Using Humor to Parent Well

June 11, 2021

Using humor to parent well.

My brother and sister-in-law have adopted this amazing encouraging phrase for their daughter who is two. When she gets hurt by falling over or running into something, they immediately tell her to say, “I’m tough.” After she says it through her tears they tell her to say “I’m super tough.” Humor is an effective tool to diffuse tense situations and build connections to our children. How can we incorporate humor to parent well? 

In the case of my niece, this tactic works really well with young children. I modified it with my 11-year-old and it had an equally positive outcome. When I asked her to clean her room and she began to roll her eyes back into her head, I said, “Say, I’m tough.” She started to smile as she knew what was coming. Before she could say it, I said, “Say, I’m super tough.” By this time she couldn’t help herself from grinning from ear to ear. Humor is especially needed and effective in times where you might want to scream.


Laugh uncontrollably when you want to scream.

One way to incorporate humor to parent well is to start to laugh when you want to scream. It is totally contrary to what your children will expect. Sometimes you will have to fake the laughter at first, but just keep laughing until you can’t help it. If you laugh for about 2 minutes your kids and your spouse will wonder if you have lost it, but I bet they start laughing as well. If you need inspiration just YouTube, “Getting the Giggles”. Laughing takes the tension out of the situation. It hits the reset button in your brain so that you can come back to the situation with a light-hearted attitude. 

Use funny voices or accents.

My children don’t always spring out of bed in the morning. Typically it takes a few rounds of knocking on the door, poking them, ripping the covers off, etc. However, one tactic they hate but is totally hilarious is when I sing them awake. I especially like my operatic awakening songs. Here are a few other options and examples that can help bring some creativity to your parenting. 

  • Opera Star – sing a song to get them out of bed, or dressed in the AM
  • Cowboy or Country accent – as the voice of a pet that needs some tender care
  • Gangster – when they need to do chores (think “The Godfather”) 
  • Foreigner – when siblings are fighting jump in and start speaking an unknown language or gibberish and make gestures like you don’t understand why they are fighting?

Use reverse psychology.

When my kids would get into a really bad mood, I would threaten to press their smile buttons. I would say something like, “Look at that sad face. What are we going to do about it? Hmm….I know, I’ll just press the smile button.” Of course, this is all in the delivery. It is like telling them whatever they do they better not smile. Or start picking up toys and let them know that you GET to pick up ALL of them. They don’t get to pick up any of the toys.

Be willing to be silly.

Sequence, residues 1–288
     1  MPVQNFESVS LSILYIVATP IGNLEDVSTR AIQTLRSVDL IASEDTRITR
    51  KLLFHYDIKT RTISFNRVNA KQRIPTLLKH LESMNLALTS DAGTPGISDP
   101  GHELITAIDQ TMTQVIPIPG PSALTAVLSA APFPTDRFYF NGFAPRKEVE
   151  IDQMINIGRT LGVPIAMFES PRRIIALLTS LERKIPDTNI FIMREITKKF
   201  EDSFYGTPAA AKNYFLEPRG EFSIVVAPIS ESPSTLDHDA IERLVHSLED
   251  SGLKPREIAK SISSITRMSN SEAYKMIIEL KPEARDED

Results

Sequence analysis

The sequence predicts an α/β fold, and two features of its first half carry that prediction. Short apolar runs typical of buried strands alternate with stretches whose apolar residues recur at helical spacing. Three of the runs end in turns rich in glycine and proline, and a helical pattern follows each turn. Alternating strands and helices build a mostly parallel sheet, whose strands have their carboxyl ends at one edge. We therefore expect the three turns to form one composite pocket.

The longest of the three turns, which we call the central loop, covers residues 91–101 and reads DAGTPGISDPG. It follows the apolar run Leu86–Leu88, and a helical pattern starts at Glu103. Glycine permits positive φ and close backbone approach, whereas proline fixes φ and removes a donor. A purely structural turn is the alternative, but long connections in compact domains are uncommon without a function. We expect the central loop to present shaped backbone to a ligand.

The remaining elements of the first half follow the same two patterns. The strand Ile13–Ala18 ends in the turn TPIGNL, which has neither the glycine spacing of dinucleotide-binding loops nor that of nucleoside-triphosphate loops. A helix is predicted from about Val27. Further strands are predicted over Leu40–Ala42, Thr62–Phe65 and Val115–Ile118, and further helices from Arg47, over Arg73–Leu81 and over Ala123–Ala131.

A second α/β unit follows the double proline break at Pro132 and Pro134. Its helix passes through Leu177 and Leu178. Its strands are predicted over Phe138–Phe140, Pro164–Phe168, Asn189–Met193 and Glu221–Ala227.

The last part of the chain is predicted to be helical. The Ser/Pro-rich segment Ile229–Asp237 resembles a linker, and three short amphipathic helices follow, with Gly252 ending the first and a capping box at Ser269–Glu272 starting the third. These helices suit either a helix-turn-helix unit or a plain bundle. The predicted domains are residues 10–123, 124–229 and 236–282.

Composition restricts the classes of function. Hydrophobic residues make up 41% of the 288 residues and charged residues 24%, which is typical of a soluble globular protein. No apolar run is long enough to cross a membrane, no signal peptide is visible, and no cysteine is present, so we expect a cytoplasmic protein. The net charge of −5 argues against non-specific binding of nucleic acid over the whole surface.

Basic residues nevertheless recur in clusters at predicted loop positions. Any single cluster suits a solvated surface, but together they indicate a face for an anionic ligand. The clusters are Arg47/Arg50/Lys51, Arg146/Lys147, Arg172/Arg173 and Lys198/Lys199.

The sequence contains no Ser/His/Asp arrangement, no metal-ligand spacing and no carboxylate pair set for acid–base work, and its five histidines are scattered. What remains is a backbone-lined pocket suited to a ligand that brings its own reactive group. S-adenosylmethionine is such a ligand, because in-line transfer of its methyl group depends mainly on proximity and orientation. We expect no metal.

Ways to be silly include: pretending to be a silent mime, talking in gibberish, calling in the “clean up crew” on your walkie talkie hand, and slapping your forehead when you make a mistake. All of these things keep your child on their toes, and can redirect their negativity. Doing the unexpected actually causes their brains to have to refocus, which can help to diminish the anger in the moment. This not only helps children but parents as well. I love a few of the examples outlined in Hillary Frank’s Weird Parenting Wins: Bathtub Dining, Family Screams, and Other Hacks From the Parenting Trenches

  • Get kids to eat beets by telling them it will turn their poop pink
  • Keep siblings from fighting in public by threatening to start singing
  • To calm active imaginations, give your child a kitchen spatula, calling it a “magic scepter,” to protect them from the monsters they fear.

For older children, using sarcasm can be useful.

I love this Dad’s note to his teen regarding cleaning up the kitchen. He uses some language and imagery from a popular movie to get his point across. 
Another great example is where this father gives his teenage daughter a Virginity protection blanket. It’s playful, funny, and gets the point across without being overly serious.


The point of using humor to parent well is to alleviate some of the pressure of discipline and character development. A common misconception is that if you are funny while you are teaching or training your child that they will think you are a pushover. The reality is that parents who use humor have stronger connections with their children. Humor is a creative process. If you try something and it doesn’t work, keep trying! Afterall, isn’t it better to find a playful, fun way to discipline than yelling, crying or banishing your child to Siberia? I hope this post encourages to try something new next time your child hits the “nuclear” button! How have you used humor to parent well? I’d love to hear your story. Please get in touch through my “Dear Jess” column. 

Disclaimer: Humor isn’t always appropriate and can be hurtful if the child thinks you are laughing at them or being insensitive. Make sure you are careful to observe your child’s reactions. If they seem hurt, apologize and let them know you were trying not to get angry in the moment. 

Mucho Love,

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